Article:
356. Memorandum From the President’s Assistant for National Security Affairs (Kissinger) to President Nixon 1

SUBJECT

  • Chinese Representation in the UN

Ambassador Robert Murphy, at your request, raised with Chiang Kai-shek our concern over the diminishing prospects for success in the General Assembly meeting this fall of our past policy aimed at exclusion of Communist China from the UN and retention of Taipei’s seat. Chiang understood fully the likelihood of failure of this course. He agreed to go along with a dual representation strategy but only on the condition that we protect his Security Council seat. Murphy agreed to this condition and Chiang unquestionably considers it a commitment.2

We cannot guarantee Chiang’s Security Council seat. The issue will be decided by the Security Council itself. We cannot use the veto because the issue will be procedural; and we do not have the votes in the Security Council to prevent Taipei’s expulsion in favor of the PRC—eight Security Council members recognize Peking and two others say the PRC should have the seat.

We have two choices:

  • —Go ahead with a dual representation strategy recognizing that we cannot protect Taipei’s Security Council seat, or
  • —Continue with our traditional strategy aimed at exclusion of Peking, recognizing that we will be defeated either this year or next.

If we take the first course, and if Chiang acquiesces, we could reasonably expect to retain Taipei’s seat in the General Assembly. Peking would be irritated initially because her maximum goals—the expulsion [Page 687]of Taiwan and recognition of the PRC claim to represent all of China—would have been thwarted. It is likely that Peking would not enter on these terms, at least for a while. Thus, for the present, Taiwan would retain its seat in both the Assembly and the Security Council. However, it is most probable that Chiang will not agree to concede the Security Council seat, and therefore, a dual representation strategy is not viable. Our efforts to maintain the Security Council seat for Taipei would simply convince many UN members that the whole strategy was a mere gimmick to perpetuate Peking’s exclusion. A UN majority will not accept this.

If we pursue our traditional strategy we certainly will be defeated within a year or two. We will take a good deal of heat over this defeat. The fact, however, that we would have stood steadfastly by Chiang will be in our favor. The effect on our relations with Peking will be two-fold. First, she will not be surprised at our continuing to resist her entry and she will in fact gain her objectives. So our present moves toward more normal relations will not be complicated by her resentment of our policy. But secondly, she will feel herself to have inflicted a defeat on us, and our relationship with her will to some extent be adversely affected by this psychological fact.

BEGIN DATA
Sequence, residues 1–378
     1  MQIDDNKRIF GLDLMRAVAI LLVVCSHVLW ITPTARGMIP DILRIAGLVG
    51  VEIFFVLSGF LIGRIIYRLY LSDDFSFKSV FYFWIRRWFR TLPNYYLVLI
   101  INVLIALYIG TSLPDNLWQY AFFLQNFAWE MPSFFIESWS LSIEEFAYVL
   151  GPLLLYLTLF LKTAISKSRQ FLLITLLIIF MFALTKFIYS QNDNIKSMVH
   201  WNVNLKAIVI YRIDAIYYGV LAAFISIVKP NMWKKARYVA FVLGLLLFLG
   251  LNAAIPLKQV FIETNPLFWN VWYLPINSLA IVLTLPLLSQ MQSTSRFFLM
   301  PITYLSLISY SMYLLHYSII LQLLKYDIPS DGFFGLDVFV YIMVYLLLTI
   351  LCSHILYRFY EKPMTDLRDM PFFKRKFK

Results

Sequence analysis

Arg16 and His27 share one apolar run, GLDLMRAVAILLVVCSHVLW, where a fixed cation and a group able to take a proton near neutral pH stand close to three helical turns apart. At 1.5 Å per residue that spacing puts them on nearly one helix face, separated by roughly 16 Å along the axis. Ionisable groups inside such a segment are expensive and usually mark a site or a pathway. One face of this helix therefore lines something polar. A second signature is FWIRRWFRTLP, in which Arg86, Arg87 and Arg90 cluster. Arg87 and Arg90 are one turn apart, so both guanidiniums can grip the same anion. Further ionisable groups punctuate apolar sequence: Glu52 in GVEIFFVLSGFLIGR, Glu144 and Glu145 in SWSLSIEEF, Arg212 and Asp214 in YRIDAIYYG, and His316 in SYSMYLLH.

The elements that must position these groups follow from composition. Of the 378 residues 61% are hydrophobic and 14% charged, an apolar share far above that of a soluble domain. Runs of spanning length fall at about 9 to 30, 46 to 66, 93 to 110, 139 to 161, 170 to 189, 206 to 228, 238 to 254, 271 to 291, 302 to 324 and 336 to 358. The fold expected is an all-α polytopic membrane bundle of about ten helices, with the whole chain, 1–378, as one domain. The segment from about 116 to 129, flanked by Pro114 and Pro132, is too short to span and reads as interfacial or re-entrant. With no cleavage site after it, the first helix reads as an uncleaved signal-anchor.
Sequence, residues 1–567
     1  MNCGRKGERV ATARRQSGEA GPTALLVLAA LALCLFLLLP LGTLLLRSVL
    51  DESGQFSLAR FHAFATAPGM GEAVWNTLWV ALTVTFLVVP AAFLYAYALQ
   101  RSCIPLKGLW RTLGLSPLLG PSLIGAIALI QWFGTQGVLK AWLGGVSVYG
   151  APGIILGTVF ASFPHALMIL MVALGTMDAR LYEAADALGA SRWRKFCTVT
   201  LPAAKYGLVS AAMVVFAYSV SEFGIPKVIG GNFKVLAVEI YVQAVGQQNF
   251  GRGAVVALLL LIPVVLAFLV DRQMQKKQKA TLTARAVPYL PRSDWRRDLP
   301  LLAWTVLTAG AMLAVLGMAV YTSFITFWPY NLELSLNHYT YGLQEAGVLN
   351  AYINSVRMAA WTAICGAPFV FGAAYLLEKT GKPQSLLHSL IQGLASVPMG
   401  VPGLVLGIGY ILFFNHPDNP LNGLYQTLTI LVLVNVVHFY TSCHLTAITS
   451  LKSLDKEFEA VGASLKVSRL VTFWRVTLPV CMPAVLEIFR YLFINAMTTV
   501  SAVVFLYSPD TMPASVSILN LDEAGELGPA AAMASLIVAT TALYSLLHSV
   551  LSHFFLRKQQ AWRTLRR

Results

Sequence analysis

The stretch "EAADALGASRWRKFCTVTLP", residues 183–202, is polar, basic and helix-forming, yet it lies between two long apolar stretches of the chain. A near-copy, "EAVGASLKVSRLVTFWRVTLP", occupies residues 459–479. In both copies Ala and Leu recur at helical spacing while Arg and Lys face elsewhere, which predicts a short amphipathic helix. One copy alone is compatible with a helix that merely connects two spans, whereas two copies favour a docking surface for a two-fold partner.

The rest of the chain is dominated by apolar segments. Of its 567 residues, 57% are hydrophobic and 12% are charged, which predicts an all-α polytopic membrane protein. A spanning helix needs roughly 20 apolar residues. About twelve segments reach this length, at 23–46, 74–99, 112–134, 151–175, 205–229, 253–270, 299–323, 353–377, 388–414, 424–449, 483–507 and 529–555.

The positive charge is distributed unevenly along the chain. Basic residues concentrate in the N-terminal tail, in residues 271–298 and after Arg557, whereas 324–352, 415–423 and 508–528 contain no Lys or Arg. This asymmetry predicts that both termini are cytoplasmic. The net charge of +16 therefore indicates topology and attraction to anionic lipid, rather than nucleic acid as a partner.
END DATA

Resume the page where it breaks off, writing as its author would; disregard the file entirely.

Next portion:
I believe that, in the likely event Chiang holds to his view on the Security Council seat, our best course will be to stick with our traditional policy of trying to keep Peking out. It would avoid the appearance of a betrayal of an old ally and it would not seriously affect our policy of moving toward more normal relations with Peking.

Before you decide, however, I believe we must go back to Chiang to make clear to him that there is no way we can guarantee his Security Council seat.

  • —We have told Chiang we are convinced that the present strategy will be defeated this year or next. And Chiang himself may feel that he has taken a monumental step in acquiescing—however unenthusiastically—to dual representation. If we were simply to inform him—without consultations—that we have decided to adhere to our traditional strategy, he might well falsely interpret this decision in the context of steps we have taken to ease tensions with Peking. He might conclude, in short, that we have chosen this route to sell him out.
  • —A second reason for consulting again with Chiang, is to take account of the possibility, admittedly very slim, that he might drop his condition that we protect his Security Council seat. If he did, the dual representation strategy would be a realistic course.

We should put the issue squarely before Chiang once again. In the unlikely event he would prefer that we go along on the dual representation formula in these circumstances, we can do so. Otherwise he will know clearly the reasons we did not.

I recommend, therefore, that we go back to Chiang and tell him that we cannot guarantee his Security Council seat and that therefore if he [Page 688]maintains his position on this question we are prepared to pursue our present policy seeking to exclude Peking, with the full realization that we probably will be defeated this year or next.3

  1. Source: National Archives, Nixon Presidential Materials, NSC Files, Box 521, Country Files, Far East, China, Vol. VII. Top Secret. Sent for action. This memorandum is stamped “The President has seen.” According to a May 19 covering memorandum, it was prepared by Kennedy and Levine of the NSC staff.
  2. See Documents 349 and 354.
  3. The President did not initial either the approve or disapprove options, but did write “K: Follow up on basis of our meeting today (5/27/71).” See Document 358.